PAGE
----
Chu #8 excels with a near perfect example of comedic timing. It’s willingness to inject goofiness through the form of skulled backgrounds and emojis into unexpected situations works perfectly alongside the expressiveness of Chu‘s cast. The unique twist put on time travel mechanics is also a refreshing new take on what is often an overcomplicated story device. — Tanner Dedmon
Rating: 4.5 out of 5
Dark Blood really feels like it’s starting to hit its stride. The last issue did a lot of legwork when it comes to the backstory, but issue #3 puts us right back into the midst of the action. The thing I enjoyed the most about this new chapter of Dark Blood came with its racial commentary. This is something that has been prominent in the series from the beginning, but the way in which it is touched on in a more subtle manner here in issue #3 is to great effect. All in all, I continue to be interested in Dark Blood and I’m very much looking forward to the coming installments in this six-issue run. — Logan Moore
Rating: 4 out of 5
Dune House: House Atreides #10 is yet another installment that does little to address the series’ continued failings. Brian Herbert and Kevin J. Anderson’s dull narration is delivered with the same eyesore metallic green captions. The writers’ dialogue is clumsy, seeming to trip over itself at several points as the Harkonnen’s sit around twirling mustaches in the dark, any semblance of the subtle intrigue having left the series at this point. Dev Paranik’s fondness for triangular panels and harsh angles often renders pages jumbled and hard to parse, and confusing compositions hamper his looser panels. Even for the most dedicated Dune fan, there’s not much here to recommend. — Jamie Lovett
Rating: 1.5 out of 5
The second issue of Boom’s latest horror series manages to tell a far more compelling story than its first, primarily thanks to flipping expectations on their ear. With this new installment, Gailey and Bak are looking to not only explore the horror but examine the characters simply living with it. It’s an interesting turn for the series to take and it definitely is able to pique interest as well as flip the script when it comes to particular characterizations. If you might have been put off by the first issue, definitely check out the second. — Evan Valentine
Rating: 3.5 out of 5
Frontiersman sets out with its first issue this week, and it takes environmental education to the next level. A whole host of superheroes are introduced from long ago, but one stands out as a man with Mother Earth on his mind. When the older man is called to make a stand, readers follow the hero as he catches up with the world, but the question remains whether the Environmentalist wants to reenter society. — Megan Peters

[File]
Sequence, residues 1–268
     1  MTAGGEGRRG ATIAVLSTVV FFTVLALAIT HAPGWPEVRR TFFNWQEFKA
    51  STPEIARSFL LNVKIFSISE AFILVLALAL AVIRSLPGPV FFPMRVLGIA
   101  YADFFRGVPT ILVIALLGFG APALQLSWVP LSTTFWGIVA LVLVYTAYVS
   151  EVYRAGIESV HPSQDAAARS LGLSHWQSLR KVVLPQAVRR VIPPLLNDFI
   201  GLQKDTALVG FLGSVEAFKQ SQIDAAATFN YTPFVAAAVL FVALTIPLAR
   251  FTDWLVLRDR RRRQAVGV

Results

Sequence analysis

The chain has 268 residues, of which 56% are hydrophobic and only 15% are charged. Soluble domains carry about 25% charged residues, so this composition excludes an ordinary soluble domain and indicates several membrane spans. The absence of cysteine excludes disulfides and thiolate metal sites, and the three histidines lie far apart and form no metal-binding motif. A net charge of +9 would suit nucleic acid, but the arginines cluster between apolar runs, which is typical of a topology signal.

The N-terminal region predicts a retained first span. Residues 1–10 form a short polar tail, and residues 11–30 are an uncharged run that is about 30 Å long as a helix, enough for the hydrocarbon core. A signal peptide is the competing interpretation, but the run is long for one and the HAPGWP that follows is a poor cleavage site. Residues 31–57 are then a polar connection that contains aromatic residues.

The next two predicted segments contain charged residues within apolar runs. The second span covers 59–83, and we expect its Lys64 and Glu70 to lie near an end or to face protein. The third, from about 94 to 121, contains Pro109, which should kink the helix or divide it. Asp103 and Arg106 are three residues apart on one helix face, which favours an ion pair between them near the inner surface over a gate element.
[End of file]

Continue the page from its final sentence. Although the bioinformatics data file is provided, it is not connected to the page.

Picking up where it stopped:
Rating: 3 out of 5
Good Luck reveals the “grand purpose” for the Unfortunates and the truth behind the Kismet Zone in Good Luck #4. This is another trippy issue in what’s been a very trippy series to date. I enjoy how the creative team keeps layering its reveals in every issue. Everything makes sense thanks to the worldbuilding and context of the past issues and many of the puzzle pieces falling into place aren’t treated as revelatory moments but as natural progressions of an already cosmic-level plot. I also enjoyed how artist Stefano Simeone seemed to show how reality itself seems to be stuttering or glitching in the background of several panels, which was a clever bit of foreshadowing for the end of the issue. All in all, Good Luck is a great and weird comic, and seems to be flying under the radar of a lot of comics fans. — Christian Hoffer
Rating: 4.5 out of 5
Impossible Jones definitely feels inspired by Robert Kirkman’s Invincible—a reinterpretation of classic superhero tropes with a self-aware sense of humor and a bit of social commentary (though nowhere near as bloody). The first issue isn’t the easiest of reads—Jones’ powers make for some very odd panels and the story is told completely out of our—but there might be something fun here. — Connor Casey
Rating: 3 out of 5
Rainbow has lost her sister, Jonna, once again and issue #6 traces her path through the petrified forest as she struggles to find shelter for herself and rescue Jonna. Samnee portrays this new locale in a series of spreads that typically connect across the top half of the page – each one showcases a wide swath of booths, shops, and inhabitants quickly developing this dense, urban locale into a living and breathing space. Rainbow’s fearful path through so many hostile figures is wonderfully traced in her own expressions and reactions, as she hesitates to trust anyone here. That build is also beautifully paid off with a final line of dialogue bound to evoke laughter. Jonna and the Unpossible Monsters #6 may only trace a single segment of the story—barely addressing any character beyond Rainbow—but her journey through such an engaging setting under so much pressure is a thrill to read. Once again I cannot wait to see what the next issue may bring. — Chase Magnett